Tesla puts India entry plan on hold after tariff standstill


Tesla Inc has put plans to sell electric cars in India on hold, abandoned showroom searches and reassigned part of its domestic team after failing to secure lower import taxes, three people familiar with the matter told Reuters.

The decision ends more than a year of deadlocked talks with government officials as Tesla first attempted to test demand by selling electric vehicles (EVs) imported from manufacturing centers in the United States and China at lower tariffs.

But the Indian government is urging Tesla to commit to local manufacturing before it lowers tariffs, which can be as high as 100% on imported vehicles.

Tesla had given itself a deadline of February 1, the day India unveils its budget and announces tax changes, to see if its lobbying has yielded a result, the sources with knowledge of the company’s plan told Reuters .

When Prime Minister Narendra Modi’s government made no concession, Tesla put plans to import cars to India on hold, added the sources, who sought anonymity because the consultations were private.

For months, Tesla had been exploring real estate options to open showrooms and service centers in key Indian cities of New Delhi, Mumbai and Bengaluru, but that plan is now on hold, two of the sources said.

Tesla did not respond to an email asking for comment.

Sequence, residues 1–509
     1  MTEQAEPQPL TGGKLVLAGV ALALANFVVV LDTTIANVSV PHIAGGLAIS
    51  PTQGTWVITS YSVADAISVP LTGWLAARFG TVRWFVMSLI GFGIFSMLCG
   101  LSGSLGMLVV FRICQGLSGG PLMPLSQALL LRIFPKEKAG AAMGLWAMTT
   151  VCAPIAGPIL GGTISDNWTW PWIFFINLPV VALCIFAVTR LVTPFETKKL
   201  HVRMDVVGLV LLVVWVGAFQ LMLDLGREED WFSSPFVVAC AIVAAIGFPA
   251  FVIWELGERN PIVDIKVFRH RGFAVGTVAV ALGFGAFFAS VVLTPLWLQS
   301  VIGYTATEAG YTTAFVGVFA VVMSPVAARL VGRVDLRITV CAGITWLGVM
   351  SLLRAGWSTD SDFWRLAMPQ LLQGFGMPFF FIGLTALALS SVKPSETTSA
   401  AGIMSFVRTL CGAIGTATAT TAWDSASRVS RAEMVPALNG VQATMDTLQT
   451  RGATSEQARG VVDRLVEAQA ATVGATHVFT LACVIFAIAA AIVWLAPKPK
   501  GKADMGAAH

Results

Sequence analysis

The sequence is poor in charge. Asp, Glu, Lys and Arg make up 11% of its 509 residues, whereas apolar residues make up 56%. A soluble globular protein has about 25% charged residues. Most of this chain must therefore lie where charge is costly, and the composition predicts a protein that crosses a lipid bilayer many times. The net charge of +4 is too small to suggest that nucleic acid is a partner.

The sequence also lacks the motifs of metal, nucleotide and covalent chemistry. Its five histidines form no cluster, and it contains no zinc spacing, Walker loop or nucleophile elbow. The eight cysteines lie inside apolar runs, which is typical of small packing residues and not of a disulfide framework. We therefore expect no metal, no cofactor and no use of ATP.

An Indian government spokesman did not immediately respond to a request for comment.

Tesla has given some of its small teams in India additional responsibilities for other markets. Manuj Khurana, head of India policy, has taken on an additional “product” role in San Francisco since March, his LinkedIn profile shows.

As recently as January, Chief Executive Elon Musk said Tesla was “still working on many challenges with the government” regarding sales in India.

But strong demand for Tesla’s vehicles elsewhere and the stalemate on import taxes prompted a shift in strategy, the sources said.

Mr Modi has tried to lure manufacturers with a “Make in India” campaign, but his transport minister, Nitin Gadkari, said in April it would not be a “good deal” for Tesla to import cars from China to India.

But New Delhi had clinched a victory in January when German luxury carmaker Mercedes-Benz announced it would start assembling one of its electric cars in India.

Tesla had been trying to gain an early advantage in India’s small but growing electric vehicle market, now dominated by domestic automaker Tata Motors.

Tesla’s price tag of at least $40,000 would place it in the luxury segment of the Indian market, where sales represent a tiny fraction of annual vehicle sales of around 3 million.

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